Poetry Review: “Day in Autumn” by Ranier Maria Rilke

"Nine Mile Creek" (photo by m.a.h. hinton)

“Nine Mile Creek” (photo by m.a.h. hinton)

Here in the North Country the brightest autumn colors are mostly gone. Friday night was homecoming at our local high school. The last for my youngest daughter, so the last for Sue and I. A cold evening meant winter coats and hats taken out of closets and baskets where they have laid forgotten for six months.

The first juncoes of the fall have arrived… fat and grey, feeding on the ground beneath the feeders. Looking out my back window the locust is about half gold now, the neighbor’s cottonwood and crab apples are bare. Down the way, one butterscotch-golden maple still sings in the sun, but the few wondrous days of full color before winter begins its settling in are gone.

Late fall and winter belong to the evergreens that have gone largely unnoticed for months now. I have one tall fir next to the deck where Sue has hung a birdhouse the last few summers that has been popular with finches. A neighbor to the north has a long line of tall firs. In the winter after a great snowfall, they are some of the only color you can see in that direction.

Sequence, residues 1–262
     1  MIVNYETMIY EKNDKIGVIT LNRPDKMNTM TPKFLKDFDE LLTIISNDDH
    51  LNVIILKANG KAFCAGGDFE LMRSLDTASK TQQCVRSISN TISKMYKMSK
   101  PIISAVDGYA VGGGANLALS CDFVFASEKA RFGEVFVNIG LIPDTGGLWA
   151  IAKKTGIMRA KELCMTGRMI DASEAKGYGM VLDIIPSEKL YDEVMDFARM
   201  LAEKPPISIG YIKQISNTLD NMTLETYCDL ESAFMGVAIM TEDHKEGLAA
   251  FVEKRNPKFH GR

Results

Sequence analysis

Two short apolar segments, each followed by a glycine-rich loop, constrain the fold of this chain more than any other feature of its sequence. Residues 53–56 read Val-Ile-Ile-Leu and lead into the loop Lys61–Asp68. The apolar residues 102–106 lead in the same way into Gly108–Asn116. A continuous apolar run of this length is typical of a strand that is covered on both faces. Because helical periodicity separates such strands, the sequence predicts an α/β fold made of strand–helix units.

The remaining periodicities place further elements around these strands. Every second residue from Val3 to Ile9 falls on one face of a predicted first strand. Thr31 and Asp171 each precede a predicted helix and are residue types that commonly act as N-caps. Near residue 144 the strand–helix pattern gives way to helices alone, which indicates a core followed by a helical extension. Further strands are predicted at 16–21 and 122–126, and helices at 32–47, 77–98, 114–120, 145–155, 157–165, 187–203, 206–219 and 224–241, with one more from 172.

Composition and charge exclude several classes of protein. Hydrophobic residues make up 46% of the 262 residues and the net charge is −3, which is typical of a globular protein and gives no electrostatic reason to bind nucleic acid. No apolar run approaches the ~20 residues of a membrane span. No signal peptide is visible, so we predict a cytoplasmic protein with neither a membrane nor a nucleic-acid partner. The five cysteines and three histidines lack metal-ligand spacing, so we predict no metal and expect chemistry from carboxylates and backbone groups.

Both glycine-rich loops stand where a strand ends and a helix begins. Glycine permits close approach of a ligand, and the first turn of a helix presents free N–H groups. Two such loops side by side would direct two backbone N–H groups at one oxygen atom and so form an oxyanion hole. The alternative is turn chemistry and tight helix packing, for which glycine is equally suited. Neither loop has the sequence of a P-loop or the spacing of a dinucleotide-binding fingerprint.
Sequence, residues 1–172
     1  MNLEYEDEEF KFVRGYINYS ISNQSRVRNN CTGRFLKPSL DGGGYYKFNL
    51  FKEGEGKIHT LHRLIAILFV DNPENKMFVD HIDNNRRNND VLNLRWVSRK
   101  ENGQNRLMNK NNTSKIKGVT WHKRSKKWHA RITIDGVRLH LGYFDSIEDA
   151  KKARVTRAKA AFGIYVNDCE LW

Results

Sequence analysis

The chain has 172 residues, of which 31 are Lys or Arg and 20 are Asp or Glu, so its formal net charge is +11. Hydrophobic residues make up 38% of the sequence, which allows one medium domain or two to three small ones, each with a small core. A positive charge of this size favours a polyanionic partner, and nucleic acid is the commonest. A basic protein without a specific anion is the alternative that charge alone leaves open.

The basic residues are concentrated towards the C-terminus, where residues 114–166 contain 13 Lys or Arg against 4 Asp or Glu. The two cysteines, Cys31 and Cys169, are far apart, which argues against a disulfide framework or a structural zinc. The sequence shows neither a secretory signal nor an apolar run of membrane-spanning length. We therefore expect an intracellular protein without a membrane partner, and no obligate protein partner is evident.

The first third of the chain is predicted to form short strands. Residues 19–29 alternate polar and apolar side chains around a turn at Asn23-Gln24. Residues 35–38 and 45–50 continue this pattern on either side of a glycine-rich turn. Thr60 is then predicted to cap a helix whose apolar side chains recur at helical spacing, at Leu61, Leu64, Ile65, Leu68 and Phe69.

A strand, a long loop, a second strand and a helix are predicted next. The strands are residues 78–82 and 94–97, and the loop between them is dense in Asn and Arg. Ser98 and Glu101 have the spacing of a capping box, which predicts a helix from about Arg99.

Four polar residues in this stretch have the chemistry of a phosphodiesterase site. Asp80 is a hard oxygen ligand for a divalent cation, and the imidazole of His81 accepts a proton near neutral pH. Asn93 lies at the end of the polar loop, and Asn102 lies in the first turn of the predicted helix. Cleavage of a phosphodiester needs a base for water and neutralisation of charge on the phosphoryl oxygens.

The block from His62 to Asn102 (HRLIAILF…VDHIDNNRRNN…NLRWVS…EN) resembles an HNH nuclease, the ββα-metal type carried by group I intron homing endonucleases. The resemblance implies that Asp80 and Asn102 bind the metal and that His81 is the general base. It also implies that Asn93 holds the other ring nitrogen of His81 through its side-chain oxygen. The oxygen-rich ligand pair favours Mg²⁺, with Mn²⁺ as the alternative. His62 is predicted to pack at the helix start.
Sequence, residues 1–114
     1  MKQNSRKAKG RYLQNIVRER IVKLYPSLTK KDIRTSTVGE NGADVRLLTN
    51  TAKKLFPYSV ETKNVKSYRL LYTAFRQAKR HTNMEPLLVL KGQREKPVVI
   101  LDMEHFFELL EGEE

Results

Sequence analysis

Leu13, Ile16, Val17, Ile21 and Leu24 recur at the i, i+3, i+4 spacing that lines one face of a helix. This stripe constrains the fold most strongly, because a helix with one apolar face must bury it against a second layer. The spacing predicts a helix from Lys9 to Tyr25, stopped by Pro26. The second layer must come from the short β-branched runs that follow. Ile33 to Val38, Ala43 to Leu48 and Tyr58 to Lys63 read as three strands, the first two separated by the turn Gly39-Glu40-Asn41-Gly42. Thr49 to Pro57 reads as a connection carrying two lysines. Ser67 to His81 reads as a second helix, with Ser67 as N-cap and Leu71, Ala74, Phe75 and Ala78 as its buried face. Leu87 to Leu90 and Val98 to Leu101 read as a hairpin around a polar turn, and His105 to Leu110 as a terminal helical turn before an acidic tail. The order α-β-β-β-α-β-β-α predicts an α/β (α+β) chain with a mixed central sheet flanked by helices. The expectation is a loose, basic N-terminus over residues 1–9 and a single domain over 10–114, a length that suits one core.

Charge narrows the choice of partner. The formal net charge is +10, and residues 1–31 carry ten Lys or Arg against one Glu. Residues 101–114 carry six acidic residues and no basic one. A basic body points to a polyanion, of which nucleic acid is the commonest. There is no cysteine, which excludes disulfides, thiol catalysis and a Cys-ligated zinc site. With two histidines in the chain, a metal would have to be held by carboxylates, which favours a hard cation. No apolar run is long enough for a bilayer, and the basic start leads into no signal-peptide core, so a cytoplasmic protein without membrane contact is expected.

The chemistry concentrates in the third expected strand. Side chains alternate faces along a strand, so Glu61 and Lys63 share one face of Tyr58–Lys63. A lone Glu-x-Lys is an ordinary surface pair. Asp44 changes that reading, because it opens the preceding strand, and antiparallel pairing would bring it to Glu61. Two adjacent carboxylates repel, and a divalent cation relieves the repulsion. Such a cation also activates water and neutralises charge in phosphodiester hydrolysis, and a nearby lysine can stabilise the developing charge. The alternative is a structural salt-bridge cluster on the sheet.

Autumn poems are on my mind. I do not remember when I first read this poem by Rilke. I do know though that it was different translation.

I always feel a bit anxious when approaching a translated poem. What subtleties are untranslatable? What meanings and sounds are lost first to the translator and then to me? And yet with a great poet like Rilke, enough that is essential still shines through.

Enjoy!

Day in Autumn
After the summer’s yield, Lord, it is time
to let your shadow lengthen on the sundials
and in the pastures let the rough winds fly.
As for the final fruits, coax them to roundness.
Direct on them two days of warmer light
to hale them golden toward their term, and harry
the last few drops of sweetness through the wine.
Whoever’s homeless now, will build no shelter;
who lives alone will live indefinitely so,
waking up to read a little, draft long letters,
and, along the city’s avenues,
fitfully wander, when the wild leaves loosen.

 

Listening with a pencil and my ear, these are the lines I marked:

Whoever’s homeless now, will build no shelter;
who lives alone will live indefinitely so,
waking up to read a little, draft long letters,
and, along the city’s avenues,
fitfully wander, when the wild leaves loosen.

As Brodsky and Auden and a hundred other poets have written, the European relationship to nature is so different than the American. This is a European poem, not an American one. This last stanza carries the mournful tones that come inevitably with the end of autumn’s riotous golds: Melancholy and resignation.

 

 

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